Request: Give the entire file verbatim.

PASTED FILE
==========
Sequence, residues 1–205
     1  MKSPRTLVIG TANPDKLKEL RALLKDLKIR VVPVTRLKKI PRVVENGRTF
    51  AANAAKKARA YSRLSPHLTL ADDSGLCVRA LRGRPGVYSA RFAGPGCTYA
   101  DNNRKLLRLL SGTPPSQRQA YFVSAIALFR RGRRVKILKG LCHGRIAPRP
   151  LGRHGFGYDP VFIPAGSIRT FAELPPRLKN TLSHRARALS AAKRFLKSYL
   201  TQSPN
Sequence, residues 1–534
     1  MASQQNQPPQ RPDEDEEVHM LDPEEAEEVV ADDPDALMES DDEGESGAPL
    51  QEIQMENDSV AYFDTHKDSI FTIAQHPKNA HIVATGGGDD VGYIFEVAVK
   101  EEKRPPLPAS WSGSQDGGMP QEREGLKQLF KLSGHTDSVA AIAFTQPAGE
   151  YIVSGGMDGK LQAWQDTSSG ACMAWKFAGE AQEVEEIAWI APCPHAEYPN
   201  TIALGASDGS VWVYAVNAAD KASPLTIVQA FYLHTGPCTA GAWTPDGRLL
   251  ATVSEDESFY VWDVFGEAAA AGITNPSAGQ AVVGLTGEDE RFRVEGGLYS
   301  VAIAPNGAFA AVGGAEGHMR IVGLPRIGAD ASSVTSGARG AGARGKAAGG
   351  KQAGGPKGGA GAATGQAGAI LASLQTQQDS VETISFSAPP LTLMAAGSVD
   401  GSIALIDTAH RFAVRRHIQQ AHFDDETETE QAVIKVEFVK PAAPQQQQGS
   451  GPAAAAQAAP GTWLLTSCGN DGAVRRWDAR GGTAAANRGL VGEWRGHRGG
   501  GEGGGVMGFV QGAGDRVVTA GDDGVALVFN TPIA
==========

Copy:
Sequence, residues 1–205
     1  MKSPRTLVIG TANPDKLKEL RALLKDLKIR VVPVTRLKKI PRVVENGRTF
    51  AANAAKKARA YSRLSPHLTL ADDSGLCVRA LRGRPGVYSA RFAGPGCTYA
   101  DNNRKLLRLL SGTPPSQRQA YFVSAIALFR RGRRVKILKG LCHGRIAPRP
   151  LGRHGFGYDP VFIPAGSIRT FAELPPRLKN TLSHRARALS AAKRFLKSYL
   201  TQSPN
Sequence, residues 1–534
     1  MASQQNQPPQ RPDEDEEVHM LDPEEAEEVV ADDPDALMES DDEGESGAPL
    51  QEIQMENDSV AYFDTHKDSI FTIAQHPKNA HIVATGGGDD VGYIFEVAVK
   101  EEKRPPLPAS WSGSQDGGMP QEREGLKQLF KLSGHTDSVA AIAFTQPAGE
   151  YIVSGGMDGK LQAWQDTSSG ACMAWKFAGE AQEVEEIAWI APCPHAEYPN
   201  TIALGASDGS VWVYAVNAAD KASPLTIVQA FYLHTGPCTA GAWTPDGRLL
   251  ATVSEDESFY VWDVFGEAAA AGITNPSAGQ AVVGLTGEDE RFRVEGGLYS
   301  VAIAPNGAFA AVGGAEGHMR IVGLPRIGAD ASSVTSGARG AGARGKAAGG
   351  KQAGGPKGGA GAATGQAGAI LASLQTQQDS VETISFSAPP LTLMAAGSVD
   401  GSIALIDTAH RFAVRRHIQQ AHFDDETETE QAVIKVEFVK PAAPQQQQGS
   451  GPAAAAQAAP GTWLLTSCGN DGAVRRWDAR GGTAAANRGL VGEWRGHRGG
   501  GEGGGVMGFV QGAGDRVVTA GDDGVALVFN TPIA